A voltage comparator with a reference voltage VC can be used to determine the duty ratio d in each switching cycle. Note that the switching cycle is related to the periodic signal (periodic signal source 196; FIG. 2) and is preferably a pulse width modulating (PWM) signal used to regulate operation of boost converter device 112. Periodic signal PWM is preferably at a significantly higher frequency than line frequency of input signal VIN provided at input locus 122 (FIG. 2). Transistor 150 is turned on (i.e., rendered conductive) at a predetermined point in each switching cycle (i.e., cycle of periodic signal PWM) and turned off when the signal proportional to average inductor current IL (i.e., signal VRS; FIG. 2) reaches reference value VC. The reference value VC is given by:
V C =I L R S  [5]

Substituting expression [4] into expression [5]:

V C = R S V O R E ( 1 - d ) [ 6 ]

Therefore:

V C = V M ( 1 - d ) Where , V M = R S V O R E [ 7 ]

FIG. 3 is a graphic depiction of various waveforms appearing in the apparatus illustrated in FIG. 2. In FIG. 3, a graphic plot 200 is presented with respect to a vertical axis 210 representing signal amplitude and a horizontal axis 212 representing time. A curve 220 represents periodic signal PWM. Periodic signal PWM is provided by periodic signal source 196 (FIG. 2). A curve 222 represents reference signal VC indicating current desired to be returning to rectifying section 120 at circuit locus 137 (FIG. 2). A curve 224 represents signal VRS indicating extant rectified AC current returning to rectifying section 120 at circuit locus 137 (FIG. 2). A curve 226 represents signal VX indicating an output signal at output locus 197 of comparing device 194 (FIG. 2). A curve 228 represents signal VD indicating a drive signal presented to gate 154 via buffer 198 (FIG. 2).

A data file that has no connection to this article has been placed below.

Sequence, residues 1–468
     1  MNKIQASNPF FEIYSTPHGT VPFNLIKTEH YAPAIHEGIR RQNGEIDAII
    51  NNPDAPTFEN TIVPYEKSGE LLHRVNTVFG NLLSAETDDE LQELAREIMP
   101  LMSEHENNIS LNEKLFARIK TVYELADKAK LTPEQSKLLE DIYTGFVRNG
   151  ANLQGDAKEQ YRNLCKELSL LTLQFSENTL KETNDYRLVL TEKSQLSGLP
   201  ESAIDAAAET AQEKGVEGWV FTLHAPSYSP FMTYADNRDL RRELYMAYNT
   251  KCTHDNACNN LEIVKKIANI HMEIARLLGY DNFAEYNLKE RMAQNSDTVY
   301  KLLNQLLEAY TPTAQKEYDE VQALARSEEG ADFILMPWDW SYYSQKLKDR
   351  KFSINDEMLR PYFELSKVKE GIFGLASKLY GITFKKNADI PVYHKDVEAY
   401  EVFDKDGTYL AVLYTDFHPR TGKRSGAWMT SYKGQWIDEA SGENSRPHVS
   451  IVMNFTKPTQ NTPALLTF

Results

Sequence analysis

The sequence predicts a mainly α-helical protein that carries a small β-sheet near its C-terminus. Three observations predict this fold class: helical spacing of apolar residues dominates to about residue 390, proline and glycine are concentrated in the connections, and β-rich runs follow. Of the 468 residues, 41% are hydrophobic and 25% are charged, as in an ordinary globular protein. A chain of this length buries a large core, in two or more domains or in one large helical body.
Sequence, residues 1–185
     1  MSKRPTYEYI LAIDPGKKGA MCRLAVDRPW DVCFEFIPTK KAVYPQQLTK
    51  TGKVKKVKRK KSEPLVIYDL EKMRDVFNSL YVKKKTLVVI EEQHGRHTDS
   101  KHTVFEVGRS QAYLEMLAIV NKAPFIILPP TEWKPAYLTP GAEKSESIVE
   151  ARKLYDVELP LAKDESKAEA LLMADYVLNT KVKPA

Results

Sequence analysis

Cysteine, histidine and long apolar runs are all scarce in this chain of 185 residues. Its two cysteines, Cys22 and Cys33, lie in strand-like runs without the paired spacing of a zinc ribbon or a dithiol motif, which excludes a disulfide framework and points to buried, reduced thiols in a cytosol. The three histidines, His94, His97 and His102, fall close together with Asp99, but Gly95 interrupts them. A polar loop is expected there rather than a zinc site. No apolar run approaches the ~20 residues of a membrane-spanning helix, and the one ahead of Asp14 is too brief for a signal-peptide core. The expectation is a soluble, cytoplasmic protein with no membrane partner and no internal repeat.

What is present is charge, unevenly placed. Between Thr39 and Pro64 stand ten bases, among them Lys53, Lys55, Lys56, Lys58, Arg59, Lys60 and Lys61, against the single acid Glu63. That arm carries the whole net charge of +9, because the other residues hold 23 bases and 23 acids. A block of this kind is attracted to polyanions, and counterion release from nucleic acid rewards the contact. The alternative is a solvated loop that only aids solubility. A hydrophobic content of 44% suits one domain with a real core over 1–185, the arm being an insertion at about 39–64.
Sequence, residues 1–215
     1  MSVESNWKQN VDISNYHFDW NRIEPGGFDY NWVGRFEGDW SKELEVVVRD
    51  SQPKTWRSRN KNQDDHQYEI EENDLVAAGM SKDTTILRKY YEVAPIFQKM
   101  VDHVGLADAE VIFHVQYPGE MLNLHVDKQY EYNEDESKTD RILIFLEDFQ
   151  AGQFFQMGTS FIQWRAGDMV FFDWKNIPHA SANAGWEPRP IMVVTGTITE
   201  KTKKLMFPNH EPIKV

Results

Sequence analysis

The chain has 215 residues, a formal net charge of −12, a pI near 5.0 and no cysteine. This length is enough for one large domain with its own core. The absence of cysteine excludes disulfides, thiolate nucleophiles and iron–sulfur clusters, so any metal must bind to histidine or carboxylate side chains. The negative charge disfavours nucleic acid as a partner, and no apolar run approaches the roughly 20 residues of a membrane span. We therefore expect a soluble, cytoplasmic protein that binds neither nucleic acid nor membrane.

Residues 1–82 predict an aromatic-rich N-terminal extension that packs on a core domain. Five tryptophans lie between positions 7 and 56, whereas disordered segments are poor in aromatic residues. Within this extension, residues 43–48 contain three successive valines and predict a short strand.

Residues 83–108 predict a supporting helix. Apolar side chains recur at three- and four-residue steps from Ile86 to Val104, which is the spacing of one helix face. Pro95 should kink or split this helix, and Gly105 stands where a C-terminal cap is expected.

Regarding FIGS. 2 and 3 together, at time to, signal VC representing desired return current to rectifying unit 120 is greater than signal VRS indicating extant current at circuit locus 137, signal VX output from comparing unit 194 is low and drive signal VD is low. NPN transistor 150 responds to a low drive signal VD at gate 154 by not conducting and second network 140 is included in a circuit with rectifying unit 120.